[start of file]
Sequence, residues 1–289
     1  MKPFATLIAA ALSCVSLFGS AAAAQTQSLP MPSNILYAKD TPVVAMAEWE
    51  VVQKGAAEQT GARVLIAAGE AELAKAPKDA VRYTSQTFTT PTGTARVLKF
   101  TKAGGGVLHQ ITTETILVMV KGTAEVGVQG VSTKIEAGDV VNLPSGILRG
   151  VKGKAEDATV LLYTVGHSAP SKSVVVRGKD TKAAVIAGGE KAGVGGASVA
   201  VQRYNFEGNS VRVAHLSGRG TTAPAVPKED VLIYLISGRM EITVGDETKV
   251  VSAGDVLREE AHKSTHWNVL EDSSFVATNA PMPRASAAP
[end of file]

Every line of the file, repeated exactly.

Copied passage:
Sequence, residues 1–289
     1  MKPFATLIAA ALSCVSLFGS AAAAQTQSLP MPSNILYAKD TPVVAMAEWE
    51  VVQKGAAEQT GARVLIAAGE AELAKAPKDA VRYTSQTFTT PTGTARVLKF
   101  TKAGGGVLHQ ITTETILVMV KGTAEVGVQG VSTKIEAGDV VNLPSGILRG
   151  VKGKAEDATV LLYTVGHSAP SKSVVVRGKD TKAAVIAGGE KAGVGGASVA
   201  VQRYNFEGNS VRVAHLSGRG TTAPAVPKED VLIYLISGRM EITVGDETKV
   251  VSAGDVLREE AHKSTHWNVL EDSSFVATNA PMPRASAAP